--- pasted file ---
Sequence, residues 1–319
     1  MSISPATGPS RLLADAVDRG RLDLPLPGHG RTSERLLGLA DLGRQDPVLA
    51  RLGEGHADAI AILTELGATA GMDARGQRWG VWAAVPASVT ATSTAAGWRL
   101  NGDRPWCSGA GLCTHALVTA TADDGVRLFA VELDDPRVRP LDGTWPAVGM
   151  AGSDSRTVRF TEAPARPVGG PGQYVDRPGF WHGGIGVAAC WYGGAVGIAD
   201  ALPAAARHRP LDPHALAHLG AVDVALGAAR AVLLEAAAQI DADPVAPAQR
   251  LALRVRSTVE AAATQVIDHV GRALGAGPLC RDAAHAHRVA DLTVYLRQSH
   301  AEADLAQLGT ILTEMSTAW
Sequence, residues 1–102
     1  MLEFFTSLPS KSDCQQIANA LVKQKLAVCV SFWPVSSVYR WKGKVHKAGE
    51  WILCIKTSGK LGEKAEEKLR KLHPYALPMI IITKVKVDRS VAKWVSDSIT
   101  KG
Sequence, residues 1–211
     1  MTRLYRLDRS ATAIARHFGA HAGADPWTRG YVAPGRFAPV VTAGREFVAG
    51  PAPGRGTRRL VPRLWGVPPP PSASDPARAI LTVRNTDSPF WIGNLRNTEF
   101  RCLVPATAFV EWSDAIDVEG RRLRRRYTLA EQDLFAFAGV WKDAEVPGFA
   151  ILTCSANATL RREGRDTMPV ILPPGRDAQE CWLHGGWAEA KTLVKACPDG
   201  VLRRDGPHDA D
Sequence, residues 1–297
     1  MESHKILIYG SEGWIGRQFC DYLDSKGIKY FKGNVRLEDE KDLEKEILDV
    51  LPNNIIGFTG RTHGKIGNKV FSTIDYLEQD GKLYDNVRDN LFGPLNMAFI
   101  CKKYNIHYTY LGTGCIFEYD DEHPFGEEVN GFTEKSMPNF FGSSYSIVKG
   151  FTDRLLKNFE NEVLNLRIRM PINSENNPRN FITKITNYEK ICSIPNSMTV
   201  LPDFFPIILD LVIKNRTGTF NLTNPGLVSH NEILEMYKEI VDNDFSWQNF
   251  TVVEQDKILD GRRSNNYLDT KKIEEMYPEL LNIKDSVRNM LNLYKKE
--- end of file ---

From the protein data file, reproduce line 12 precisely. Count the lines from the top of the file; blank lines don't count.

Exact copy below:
   101  KG